Sir, I move:
And then, Sir, I move amendment No. 160 of List II, which reads as follows :"That for article 278, the following articles be substituted
278. Provisions in the case of Failure of Constitutional machinery in States. (1) If the President, on receipt of a report from the Governor or Ruler of a State or otherwise, is satisfied that the Government of the State cannot be carried on in accordance with the provisions of this Constitution, the President may by Proclamation-
(2) Any such Proclamation may be revoked or varied by a subsequent Proclamation.
(3) Every Proclamation under this article. shall be laid before each House of Parliament shall, except where it is a Proclamation revoking a previous Proclamation, cease to operate at the expiration of two months unless before the expiration of that period it has been approved by resolution of both Houses of Parliament
(4)A Proclamation so approved shall, unless revoked, cease to operate on the expiration of a period of six months from the date of the passing of the second of the resolutions approving the Proclamation under clause (3) of this article:
(1) Where by a Proclamation issued under clause (1) of article 278 of this Constitution it has been declared that the powers of the Legislature of the State shall be exercisable by or under the: authority of Parliament, it shall be competent.
(2) Any law made by or under the authority of Parliament which Parliament or the President or other authority referred to in sub-clause (a) of clause (1) of this article would not, but for the issue of a Proclamation under article 278 of this Constitution, have been competent to make shall to the extent of the incompetency cease to have effect on the expiration of a period of one year after the Proclamation has ceased to operate except as respects things done or omitted to be done before the expiration of the said period unless the provisions which shall so cease to have effect are sooner repealed or re-enacted with or without modification by an Act of the Legislature of the State."
Shri H. V. Kamath : (C.P. and Berar: General): Article 188 also?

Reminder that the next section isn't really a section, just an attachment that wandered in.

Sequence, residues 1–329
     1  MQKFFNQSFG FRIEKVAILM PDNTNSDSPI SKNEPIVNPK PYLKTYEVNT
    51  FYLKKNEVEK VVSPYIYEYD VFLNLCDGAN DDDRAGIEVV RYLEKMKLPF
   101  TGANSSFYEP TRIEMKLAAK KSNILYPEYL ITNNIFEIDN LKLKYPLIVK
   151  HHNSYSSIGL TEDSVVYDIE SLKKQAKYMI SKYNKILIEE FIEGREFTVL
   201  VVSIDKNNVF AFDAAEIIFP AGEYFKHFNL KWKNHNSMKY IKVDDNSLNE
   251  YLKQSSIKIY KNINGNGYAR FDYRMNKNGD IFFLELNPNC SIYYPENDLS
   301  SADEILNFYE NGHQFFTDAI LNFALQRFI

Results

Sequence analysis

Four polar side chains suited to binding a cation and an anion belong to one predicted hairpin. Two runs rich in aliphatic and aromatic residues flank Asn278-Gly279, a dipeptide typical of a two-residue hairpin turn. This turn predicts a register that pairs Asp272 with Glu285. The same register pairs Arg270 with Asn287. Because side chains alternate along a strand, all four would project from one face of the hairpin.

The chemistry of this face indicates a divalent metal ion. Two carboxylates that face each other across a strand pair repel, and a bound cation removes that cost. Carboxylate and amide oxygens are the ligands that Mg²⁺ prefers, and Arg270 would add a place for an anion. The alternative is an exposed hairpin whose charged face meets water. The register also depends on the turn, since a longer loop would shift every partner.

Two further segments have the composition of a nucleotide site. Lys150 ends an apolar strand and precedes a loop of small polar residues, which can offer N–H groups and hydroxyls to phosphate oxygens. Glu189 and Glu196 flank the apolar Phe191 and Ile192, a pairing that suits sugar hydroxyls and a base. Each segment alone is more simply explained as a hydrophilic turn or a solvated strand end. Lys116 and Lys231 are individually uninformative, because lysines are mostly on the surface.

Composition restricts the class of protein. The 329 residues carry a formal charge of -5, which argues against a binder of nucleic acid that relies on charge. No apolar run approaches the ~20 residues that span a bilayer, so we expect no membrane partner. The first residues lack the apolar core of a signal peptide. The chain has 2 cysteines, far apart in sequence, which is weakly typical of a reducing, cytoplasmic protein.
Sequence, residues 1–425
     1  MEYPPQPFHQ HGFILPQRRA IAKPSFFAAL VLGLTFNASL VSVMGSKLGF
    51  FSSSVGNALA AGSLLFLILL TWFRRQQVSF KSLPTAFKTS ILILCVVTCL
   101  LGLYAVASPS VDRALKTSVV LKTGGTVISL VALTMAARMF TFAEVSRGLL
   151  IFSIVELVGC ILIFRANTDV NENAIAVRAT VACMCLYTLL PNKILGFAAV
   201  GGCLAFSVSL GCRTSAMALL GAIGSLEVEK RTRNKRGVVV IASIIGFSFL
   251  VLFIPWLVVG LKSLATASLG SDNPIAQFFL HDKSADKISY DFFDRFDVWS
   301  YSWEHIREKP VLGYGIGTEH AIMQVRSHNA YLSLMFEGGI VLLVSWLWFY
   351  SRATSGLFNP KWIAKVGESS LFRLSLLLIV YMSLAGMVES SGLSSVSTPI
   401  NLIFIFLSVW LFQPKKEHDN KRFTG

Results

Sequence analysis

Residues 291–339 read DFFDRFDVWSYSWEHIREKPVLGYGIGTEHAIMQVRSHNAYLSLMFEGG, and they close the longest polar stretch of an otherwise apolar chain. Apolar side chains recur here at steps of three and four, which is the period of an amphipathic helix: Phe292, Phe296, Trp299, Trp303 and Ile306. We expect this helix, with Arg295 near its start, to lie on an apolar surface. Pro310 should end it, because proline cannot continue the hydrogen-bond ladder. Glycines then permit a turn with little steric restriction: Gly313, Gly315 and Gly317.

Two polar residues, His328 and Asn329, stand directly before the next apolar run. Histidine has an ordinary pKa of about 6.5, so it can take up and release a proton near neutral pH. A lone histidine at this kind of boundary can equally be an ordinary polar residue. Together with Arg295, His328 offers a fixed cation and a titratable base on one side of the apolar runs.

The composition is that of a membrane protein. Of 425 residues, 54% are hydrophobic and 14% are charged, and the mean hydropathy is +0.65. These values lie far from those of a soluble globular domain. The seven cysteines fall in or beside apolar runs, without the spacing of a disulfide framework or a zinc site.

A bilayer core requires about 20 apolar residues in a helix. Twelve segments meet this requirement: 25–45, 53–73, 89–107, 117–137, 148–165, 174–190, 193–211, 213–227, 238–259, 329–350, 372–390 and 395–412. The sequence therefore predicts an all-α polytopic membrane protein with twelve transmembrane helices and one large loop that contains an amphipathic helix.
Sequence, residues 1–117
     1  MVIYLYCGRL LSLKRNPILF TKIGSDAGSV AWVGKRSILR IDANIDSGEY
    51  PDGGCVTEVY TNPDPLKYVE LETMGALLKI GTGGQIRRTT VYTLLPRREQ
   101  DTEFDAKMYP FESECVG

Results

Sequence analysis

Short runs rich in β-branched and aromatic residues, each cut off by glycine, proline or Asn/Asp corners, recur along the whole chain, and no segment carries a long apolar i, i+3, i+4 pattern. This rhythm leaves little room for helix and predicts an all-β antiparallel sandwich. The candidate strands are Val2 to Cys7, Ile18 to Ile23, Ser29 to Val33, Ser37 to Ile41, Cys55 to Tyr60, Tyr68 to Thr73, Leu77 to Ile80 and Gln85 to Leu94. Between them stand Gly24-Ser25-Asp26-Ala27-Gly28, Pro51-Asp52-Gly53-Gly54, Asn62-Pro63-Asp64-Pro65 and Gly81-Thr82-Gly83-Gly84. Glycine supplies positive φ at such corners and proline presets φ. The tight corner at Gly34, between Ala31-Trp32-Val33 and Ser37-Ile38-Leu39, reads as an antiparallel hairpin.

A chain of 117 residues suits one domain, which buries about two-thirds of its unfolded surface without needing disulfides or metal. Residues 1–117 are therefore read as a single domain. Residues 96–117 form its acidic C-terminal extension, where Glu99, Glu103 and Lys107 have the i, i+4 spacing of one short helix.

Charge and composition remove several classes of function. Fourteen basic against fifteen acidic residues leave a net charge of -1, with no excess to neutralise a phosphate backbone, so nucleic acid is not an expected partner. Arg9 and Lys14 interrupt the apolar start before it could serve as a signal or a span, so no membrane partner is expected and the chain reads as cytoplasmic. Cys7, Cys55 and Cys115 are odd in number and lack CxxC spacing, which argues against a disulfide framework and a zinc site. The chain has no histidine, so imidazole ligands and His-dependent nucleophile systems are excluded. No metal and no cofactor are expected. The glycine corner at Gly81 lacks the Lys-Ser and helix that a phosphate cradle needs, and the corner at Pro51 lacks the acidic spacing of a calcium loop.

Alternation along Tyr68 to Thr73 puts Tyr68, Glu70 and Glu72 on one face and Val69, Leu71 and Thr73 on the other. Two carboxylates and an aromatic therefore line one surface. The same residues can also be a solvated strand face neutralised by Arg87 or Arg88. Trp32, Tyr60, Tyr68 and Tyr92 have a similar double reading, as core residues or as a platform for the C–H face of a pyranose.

The Honourable Dr. B. R. Ambedkar: I have said that 188 will be deleted. It is not really necessary to move the amendment, but to give the House an idea of the whole picture I have said that we propose to delete article 188.
Sir, I anticipate that there will be probably a full-dress debate on this article and I may at some stage be called upon' to offer explanation of the points of criticism that might be raised so that I think it would be right if I did not enter upon a very exhaustive treatment of the various points that arise out of the new scheme. I propose at the outset merely to give an outline of the pattern of things which we provide by the dropping of article 188, by the addition of article 277-A and by the substitution of two new articles 278 and 278-A for the old article 278.
I think I can well begin by reminding the House that it has been agreed by the House, when we were considering the general principles of the Constitution, that the Constitution should provide some machinery for the breakdown of the Constitution. In other words, some provision should be introduced in the, Constitution which would be somewhat analogous to the provisions contained in section 93 of the Government of India Act, 1935. At the stage when this principle was accepted by the House, it was proposed that if the Governor of the provinces feels that the machinery set up by this Constitution for the administration of the affairs of the Province breaks down, the Governor should have the power by Proclamation to take over the. administration of the Province himself for a fortnight and thereafter communicate the matter to the President of the Union that the machinery has failed, that he has issued a Proclamation and taken over the administration to himself, and on the report made by the Governor under the original article 188 the President could act under article 278. That was the original scheme.